In my original endorsement for Mr. Edwards I stated “Mr. Obama shows a lack of experience and reticence that makes me a little nervous. I don’t know if he has the gravitas to be President right now. He brings a fresh face to politics, but I haven’t really seen a lot of substance behind the rhetoric. I think that 8 years from now he would be an awesome candidate. I just don’t think he is quite ready yet.” Over the past few months I have looked at the “experience” factor more closely.
It wasn’t until the “experience” issue was raised ad infinitum by Senator Clinton’s campaign that I truly looked at the issue of experience as it relates to our nation’s best and worst presidents. James Buchanan who came to the presidency with 29 years of experience as a representative, senator, ambassador and Secretary of State was arguably one of our worst. Abraham Lincoln with experience nearly identical to Mr. Obama’s was inarguably one of our best. My piece Presidential Candidates: Is “experience” a real issue? Just look at Abraham Lincoln addresses this issue in more depth.
So while experience is a factor it doesn’t seem to be a proven factor of presidential achievement so should it be the final arbitor in my decision making? I decided that while expereince is important – expereience varies and many other factors should be considered.
Mr. Obama’s experience community organizing in inner city Chicago is something that should not be ignored and give him a unique perspective. His experience in federal government seems to bode well when looking at former Presidents
In my original endorsement of Mr. Edwards I cited concerns about Mr. Obama’s reticence and I wasn’t sure if he had that fire in his belly that is necessary for a presidential candidate and gives that person the gravitas that is so often talked about as essential for a president.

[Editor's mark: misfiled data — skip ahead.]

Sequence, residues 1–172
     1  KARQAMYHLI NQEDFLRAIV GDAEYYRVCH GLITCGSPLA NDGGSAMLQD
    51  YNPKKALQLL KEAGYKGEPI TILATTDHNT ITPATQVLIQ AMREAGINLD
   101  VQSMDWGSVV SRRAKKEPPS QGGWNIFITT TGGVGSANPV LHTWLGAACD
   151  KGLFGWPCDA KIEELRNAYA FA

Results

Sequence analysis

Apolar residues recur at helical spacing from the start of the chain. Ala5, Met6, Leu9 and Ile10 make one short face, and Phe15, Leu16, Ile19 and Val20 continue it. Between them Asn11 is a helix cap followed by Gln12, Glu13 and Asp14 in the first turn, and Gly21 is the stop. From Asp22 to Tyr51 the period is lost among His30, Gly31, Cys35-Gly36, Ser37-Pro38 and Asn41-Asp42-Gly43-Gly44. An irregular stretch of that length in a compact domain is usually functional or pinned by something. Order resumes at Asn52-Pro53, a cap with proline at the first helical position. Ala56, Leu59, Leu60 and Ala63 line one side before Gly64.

Somewhere in the last months Mr. Obama has turned my concerns about his reticence on its head. He is hardly reticent and he shows that “fire in the belly” that is essential for any serious presidential candidate. To borrow language from Mrs. Clinton- he truly has found his voice.
I have also poured over his positions on issues and there is indeed a great deal of substance to his views. Again- those views may vary slightly from Mr. Edwards’ and Mrs. Clinton’s but they are substantially similar with the most striking similalrities being between Senators Obama and Edwards.
So with the original concerns I had about Mr. Obama off the table and my clear admiration for Mr. Edwards, what factors were at play as I cast my vote for Mr. Obama after endorsing Mr. Edwards?
Is it the change factor? Maybe a little- but the term “change” has been so over used in this campaign that I could vomit. If you want a real candidate of change vote for the former Governor of Massachusetts Willard “Mitt” Romney. He has changed his position at least once if not twice on every issue. Now that’s change!
What sort of change might Mr. Obama bring that might allude the efforts of Mr. Edwards or Mrs. Clinton?
First is generational. I am at the tail end of the baby boom generation and it seems that my generation has mired itself in a partisan red state / blue state debate that will take someone with a fresh approach in order to extricate the nation from this partisan inertia.